Portfolio: Data Journalism
This real-time map shows the current status of 250+ school districts undergoing consolidation.
435 square miles of lake, 630 metric tons of phosphorus and one controversial plan to clean it up.
The state of Vermont doesn’t track what it spends on information technology, so we did it ourselves.
Portfolio: Public Radio
Citizens find little consistency among agencies that control access to public records in Vermont. (VPR)
$350 million, 700 investors, dozens of state and federal charges, and untold answers still to track down. (Vermont Public Radio, NPR, Boston Globe)
Two stories on the finances, policy and assumptions behind “natural” food. (The Food Chain, BBC News)
Portfolio: Print and Web
Don’t think “Shark Tank.” This two-wheeling pitch contest is more like a “dolphin tank.” (Boston Globe)
Vermont joins SEC fraud charges against a business it did little to oversee. (Boston Globe)
Vermont police must record the race of every driver they pull over. So, where’s the data? (Seven Days)
Without easy narratives that match familiar story schema, policy and regulation are deemed too dull or too dense to fit within a click-driven, deadline-oriented news cycle. And that’s a problem.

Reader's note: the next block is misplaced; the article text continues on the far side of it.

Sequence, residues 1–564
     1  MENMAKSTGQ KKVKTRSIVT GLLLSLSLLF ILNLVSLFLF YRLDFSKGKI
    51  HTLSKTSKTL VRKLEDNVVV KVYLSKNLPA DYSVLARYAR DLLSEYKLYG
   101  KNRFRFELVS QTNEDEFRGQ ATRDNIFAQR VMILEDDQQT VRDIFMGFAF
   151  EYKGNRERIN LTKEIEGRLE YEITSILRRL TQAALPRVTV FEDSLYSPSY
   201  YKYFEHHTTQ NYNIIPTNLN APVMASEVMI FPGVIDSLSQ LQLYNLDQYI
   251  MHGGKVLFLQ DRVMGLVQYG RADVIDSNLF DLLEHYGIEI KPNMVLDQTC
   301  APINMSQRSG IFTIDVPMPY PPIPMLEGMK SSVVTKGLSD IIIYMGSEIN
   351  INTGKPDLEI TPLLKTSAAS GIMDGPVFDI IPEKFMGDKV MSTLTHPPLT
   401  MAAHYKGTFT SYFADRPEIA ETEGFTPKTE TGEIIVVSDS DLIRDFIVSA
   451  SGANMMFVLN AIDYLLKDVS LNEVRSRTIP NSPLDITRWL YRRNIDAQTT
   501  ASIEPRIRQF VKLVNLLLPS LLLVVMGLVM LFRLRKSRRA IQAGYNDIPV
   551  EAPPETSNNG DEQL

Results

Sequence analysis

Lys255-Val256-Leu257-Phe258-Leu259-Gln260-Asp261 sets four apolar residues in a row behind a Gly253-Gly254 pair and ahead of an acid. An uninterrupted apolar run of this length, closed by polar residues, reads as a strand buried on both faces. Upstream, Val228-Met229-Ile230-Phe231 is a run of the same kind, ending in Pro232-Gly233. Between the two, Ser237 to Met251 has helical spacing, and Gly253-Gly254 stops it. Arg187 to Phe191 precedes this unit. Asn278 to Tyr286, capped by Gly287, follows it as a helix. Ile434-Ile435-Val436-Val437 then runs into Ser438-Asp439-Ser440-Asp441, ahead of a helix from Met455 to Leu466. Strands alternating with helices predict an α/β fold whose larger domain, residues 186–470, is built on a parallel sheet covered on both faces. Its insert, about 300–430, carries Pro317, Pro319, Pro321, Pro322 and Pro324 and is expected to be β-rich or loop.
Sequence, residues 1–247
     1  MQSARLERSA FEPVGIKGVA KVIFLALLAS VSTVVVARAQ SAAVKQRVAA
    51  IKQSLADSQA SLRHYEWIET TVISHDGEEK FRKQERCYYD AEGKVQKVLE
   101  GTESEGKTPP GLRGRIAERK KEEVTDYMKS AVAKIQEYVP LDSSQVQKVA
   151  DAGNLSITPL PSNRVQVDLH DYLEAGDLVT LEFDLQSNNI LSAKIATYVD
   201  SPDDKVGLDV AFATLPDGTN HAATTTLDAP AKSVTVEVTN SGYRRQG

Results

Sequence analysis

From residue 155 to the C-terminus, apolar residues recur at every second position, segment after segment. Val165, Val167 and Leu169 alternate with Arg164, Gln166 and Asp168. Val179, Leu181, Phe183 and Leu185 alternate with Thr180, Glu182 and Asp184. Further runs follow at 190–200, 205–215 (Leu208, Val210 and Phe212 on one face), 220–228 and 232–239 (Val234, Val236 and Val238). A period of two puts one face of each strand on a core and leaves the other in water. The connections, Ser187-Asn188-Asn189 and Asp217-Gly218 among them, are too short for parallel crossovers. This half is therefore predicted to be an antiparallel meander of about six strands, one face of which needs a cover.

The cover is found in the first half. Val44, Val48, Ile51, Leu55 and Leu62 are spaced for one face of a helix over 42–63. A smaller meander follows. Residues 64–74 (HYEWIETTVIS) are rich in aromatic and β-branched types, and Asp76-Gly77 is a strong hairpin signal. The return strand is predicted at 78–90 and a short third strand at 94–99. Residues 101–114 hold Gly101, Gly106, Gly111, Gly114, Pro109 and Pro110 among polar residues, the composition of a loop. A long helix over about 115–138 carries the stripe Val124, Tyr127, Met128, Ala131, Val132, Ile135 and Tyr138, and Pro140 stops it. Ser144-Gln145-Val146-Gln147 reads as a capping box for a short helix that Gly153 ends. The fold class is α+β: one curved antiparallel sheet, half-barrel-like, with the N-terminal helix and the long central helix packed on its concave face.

Data-driven journalism isn’t always about numbers. Structuring information like data also allows for keen analysis — and may reveal a virtual quarry of stories to mine.
Three and a half years ago, I left self-employment to attend graduate school. The one thing I wanted at the end was a job — a regular paycheck. Now, I’m giving up a regular paycheck to return to my business, Niles Media. And it feels great.
Before graduate studies at the Missouri School of Journalism and training with Investigative Reporters and Editors, journalism was my hobby. It started through my work as founding program director of Portsmouth Community Radio in New Hampshire. I previously worked as a marketing consultant for artists, nonprofits and small businesses, and as a bartender and farmer.